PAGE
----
Yesterday was two days in one. It started well, but ended very badly. As a result, I'm stuck in bed today when I should be getting things done. I have to take a recovery day when I had no reason to believe I'd need one. That's what happens with this disease. You think you're doing fine, and then WHAM! Not so much.
I started my day yesterday by publishing a blog post that I feel very good about; Questions For My Inner Circle. It addresses an important topic; How my cancer and the way I process it so publicly affects those closest to me. I always feel good when I write a new post, especially when it's received as well as that one was. Patients responded that they need to be more mindful of how their disease affects their loved ones. Wives, daughters and caregivers commented that no one had ever asked how they felt. It made me feel like I'd done the right thing. Always a good feeling.
Later that day, I needed to drive about an hour away from my home to meet my medical marijuana caregiver. I needed more oil for the suppository experiment we're conducting for the next two and a half weeks. The drive took place during rush hour, so I left early, and managed to arrive early. I stopped for a bite to eat while I waited to meet my caregiver.
While I ate, I was scrolling through my Facebook newsfeed, and saw the news that my friend and prostate cancer brother Peter Artiste had passed away the night before. I yelled, "Oh, no!" right out loud in a crowded restaurant. A few people looked at me, but I didn't care. I was devastated. I started crying, and the tears have been close to the surface ever since.
Peter was one of the first friends I made in the online support group I frequent. He was one of the original recipients of one of my cross pendants. He was a sweet, gentle soul who loved to paint. Peter had been in palliative care for some time. He faced his own mortality with a grace that I hope to live up to.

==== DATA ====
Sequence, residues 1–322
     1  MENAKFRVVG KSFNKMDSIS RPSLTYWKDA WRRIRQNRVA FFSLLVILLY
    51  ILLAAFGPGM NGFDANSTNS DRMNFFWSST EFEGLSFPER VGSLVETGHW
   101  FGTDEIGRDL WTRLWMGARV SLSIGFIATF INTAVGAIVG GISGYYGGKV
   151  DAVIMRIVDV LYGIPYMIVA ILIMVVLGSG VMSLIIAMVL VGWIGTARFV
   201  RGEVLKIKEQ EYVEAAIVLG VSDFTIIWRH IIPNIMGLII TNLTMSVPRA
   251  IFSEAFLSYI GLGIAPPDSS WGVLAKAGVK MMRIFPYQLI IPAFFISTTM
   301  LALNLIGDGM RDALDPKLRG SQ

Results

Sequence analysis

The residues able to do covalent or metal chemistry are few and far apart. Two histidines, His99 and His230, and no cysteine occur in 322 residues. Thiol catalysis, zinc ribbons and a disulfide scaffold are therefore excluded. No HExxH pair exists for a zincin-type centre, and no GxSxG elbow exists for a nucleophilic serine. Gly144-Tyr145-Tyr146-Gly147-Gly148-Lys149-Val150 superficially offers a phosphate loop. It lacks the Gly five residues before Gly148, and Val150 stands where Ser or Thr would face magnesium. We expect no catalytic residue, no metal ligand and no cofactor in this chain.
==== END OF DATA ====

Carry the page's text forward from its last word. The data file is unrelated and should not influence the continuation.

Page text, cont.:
Months ago, Peter posted a cryptic message in the support group, basically saying goodbye. When I read that, I was frantic. I messaged him to find out what was going on. He responded that he was only saying that he wouldn't continue to post in the group. But it made me realize how much his passing would affect me when it happened. And it made me realize that I'll never be done with therapy.
As sad as Peter's passing makes me, it also scares me. He is the first of my brothers to fall since I was diagnosed. The first one to die who I'd made a relationship with in a support group. To me, it feels like the first domino has fallen. How am I going to do this? Keep losing one brother after another until it's my turn? I don't know if I can. I don't know how. That's why I need therapy.
For the rest of the drive, I fought back tears and choked down sobs. I listened again to my favorite album, The Similitude Of A Dream by The Neal Morse Band, and it spoke to me like it has so many times before.
When I arrived home, I collapsed in my wife's arms. She hadn't heard the news about Peter. We consoled each other for a little while, and I went to bed. You'd think the trouble would have stopped there, but no.